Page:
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This article was written By Epoy Deyto on 13 Dec 2016, and is filed under Reviews.

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About Epoy Deyto

Epoy Deyto has been writing about films and anime since 2009 and has recently moved his writings from Kawts Kamote to Missing Codec. He's currently taking his Master's in Media Studies (Film) at the UP Film Institute.

Dark Side of the Light (Japan, 2016)

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Dark Side of the Light uses a Citizen Kane (1941)-style structure to explore how an actual murder, which occurred in Shibuya back in 1996, would have been committed. Gaps left by the news reportage are filled not with “fiction”, but with possibilities. The film is narrated through the perspective of Takumi (Takashi Nagayama), who witnessed the incidents leading to the murder. Takumi’s best friend, Kohei (Shugo Oshinari) married Tomomi (Megumi Hatachiya) months after a single’s meeting, only for Tomomi to become disappointed with Kohei’s contrived self, after learning that he is not really a lawyer by profession.

Kohei’s and Tomomi’s relationship crumbles down into a play of pressures and (dis)appearances as Kohei begins to beat Tomomi over almost every little frustration, while they keep up appearances as loving couple supported by an established corporate man. Oshinari is effective on his depiction of the fragility of the patriarchal ego – which has always depended on symbols and entitlement. When Kohei begs Takumi not to report the domestic violence incident to the police, claiming that reporting the incidents will “ruin his life”, he makes it explicit that he cares only about the appearance that he projects outside his home, and not for his life as part of a couple.

The title, Dark Side of the Light is fitting for the world in which Kohei and Tomomi lived: the ‘dark’ being the world inside the high-rise expensive apartment in Shibuya where every frustrations and stress is brought about by the world of the ‘light’, the world of alienation, market transactions and capital intervention embodied outside the apartment, by Tokyo itself. The film itself is only concerned on exposing the spaces inside the ‘dark’, but always in relation to what happens in the ‘light’. The events in the ‘dark’ itself are all effects of keeping appearances and struggle to survive in the ‘light’.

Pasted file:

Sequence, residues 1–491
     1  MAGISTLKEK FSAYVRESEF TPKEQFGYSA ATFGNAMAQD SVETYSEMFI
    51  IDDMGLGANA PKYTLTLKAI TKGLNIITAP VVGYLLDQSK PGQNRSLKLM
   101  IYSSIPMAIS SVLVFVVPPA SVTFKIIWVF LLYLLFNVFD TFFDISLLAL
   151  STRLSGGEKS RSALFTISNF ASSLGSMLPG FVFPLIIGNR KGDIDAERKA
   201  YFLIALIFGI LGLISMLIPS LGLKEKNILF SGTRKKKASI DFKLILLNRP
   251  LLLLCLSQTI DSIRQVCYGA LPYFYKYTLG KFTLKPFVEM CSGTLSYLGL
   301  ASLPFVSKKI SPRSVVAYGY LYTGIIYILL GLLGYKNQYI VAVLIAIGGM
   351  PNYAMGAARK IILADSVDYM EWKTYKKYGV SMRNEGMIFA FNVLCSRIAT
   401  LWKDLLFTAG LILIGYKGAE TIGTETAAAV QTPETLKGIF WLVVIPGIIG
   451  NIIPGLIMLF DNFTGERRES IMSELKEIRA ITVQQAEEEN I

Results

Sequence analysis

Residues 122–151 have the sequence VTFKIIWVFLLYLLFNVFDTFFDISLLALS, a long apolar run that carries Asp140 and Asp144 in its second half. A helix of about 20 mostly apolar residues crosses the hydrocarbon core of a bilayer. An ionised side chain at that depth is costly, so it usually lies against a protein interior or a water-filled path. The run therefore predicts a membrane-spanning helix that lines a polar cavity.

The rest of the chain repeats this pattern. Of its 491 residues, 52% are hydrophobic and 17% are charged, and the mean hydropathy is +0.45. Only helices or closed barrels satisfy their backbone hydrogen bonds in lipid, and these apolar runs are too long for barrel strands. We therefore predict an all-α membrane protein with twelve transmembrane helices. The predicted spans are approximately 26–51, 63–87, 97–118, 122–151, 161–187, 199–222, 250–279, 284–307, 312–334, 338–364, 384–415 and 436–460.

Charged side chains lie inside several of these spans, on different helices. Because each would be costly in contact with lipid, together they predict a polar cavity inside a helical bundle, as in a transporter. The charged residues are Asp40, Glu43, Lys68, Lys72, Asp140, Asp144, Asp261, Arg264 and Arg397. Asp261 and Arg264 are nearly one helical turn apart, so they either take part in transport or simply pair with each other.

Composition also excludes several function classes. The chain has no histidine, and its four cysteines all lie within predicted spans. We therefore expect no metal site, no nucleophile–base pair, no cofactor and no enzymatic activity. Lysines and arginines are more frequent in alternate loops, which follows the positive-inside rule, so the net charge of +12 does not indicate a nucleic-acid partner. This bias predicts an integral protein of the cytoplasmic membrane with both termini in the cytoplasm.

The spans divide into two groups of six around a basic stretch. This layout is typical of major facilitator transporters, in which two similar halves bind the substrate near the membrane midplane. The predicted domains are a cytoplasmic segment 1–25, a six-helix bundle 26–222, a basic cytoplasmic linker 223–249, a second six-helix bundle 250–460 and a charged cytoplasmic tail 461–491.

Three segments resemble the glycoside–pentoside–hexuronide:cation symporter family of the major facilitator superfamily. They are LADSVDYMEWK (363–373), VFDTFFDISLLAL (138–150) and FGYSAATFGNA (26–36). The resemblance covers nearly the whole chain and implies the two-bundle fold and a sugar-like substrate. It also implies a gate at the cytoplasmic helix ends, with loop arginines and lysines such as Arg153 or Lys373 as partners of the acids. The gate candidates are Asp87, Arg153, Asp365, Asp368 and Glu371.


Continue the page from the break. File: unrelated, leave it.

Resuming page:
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In the film’s press materials, director Ryota Sakamaki recalls the questions he asked himself, “Did the husband’s violence turn his wife into a monster? Or did love transform her into a monster?”But it seems that he failed to grasp what lies beyond the familial/patriarchal relationship and may not be aware of the deeper critical possibilities of his work. The possibility posed by Samakaki as the conclusion isn’t that Tomomi herself turned into “monster” as Tomomi is still largely governed by logic, albeit, her own logic. Tomomi supplements her situation not by denial of it, but by pushing it further. Her desire is not to inflict revenge but to truly liberate herself in her own terms. This is contrary to what Kohei and Takumi suggests with divorce that will “free” both of them as Tomomi knows too well that Kohei only wants to save himself. Divorce, in itself, is also a product of the structure which supports and validates Kohei’s prior violence towards Tomomi, and of their marriage as capital-patriarchy relationship.

The film’s strength lies in Sakamaki’s simple yet effective poetic lighting: Kohei and Tomomi keep up appearences in the daytime or well-lit sequences, while darker sequences show Kohei’s troubling treatment of Tomomi. But the film is never balanced in its presentation and darkness dominates the light. It seeks to understand the darkness more, which is perhaps where the film fails as there is also much to be understood in the light outside the home, as hinted by Kohei’s character, which would explain what has transpired in the closed apartment spaces.

Like most contemporary independent productions based on true events, Dark Side of the Light presents an intriguing way of bridging gaps between facts and possibilities. Unfortunately, there is nothing more to this intrigue. The film and the filmmaker’s process provides an opportunity for a more radical course of discussion, but only to fall to the comforts of vagueness. This is yet again a problem of prioritising form over meaning, which is arguably a mistake made by young independent filmmakers from almost anywhere in the world. Their obsession with story-telling structure and processes, even to the marginal details of each narrative, in effect, leaves very little room for message, or essence.

 

Related posts:

The Host (2006)
The Coast Guard (2002)
The Snow White Murder Case (Japan, 2014) [Japan Cuts/NYAFF 2014)

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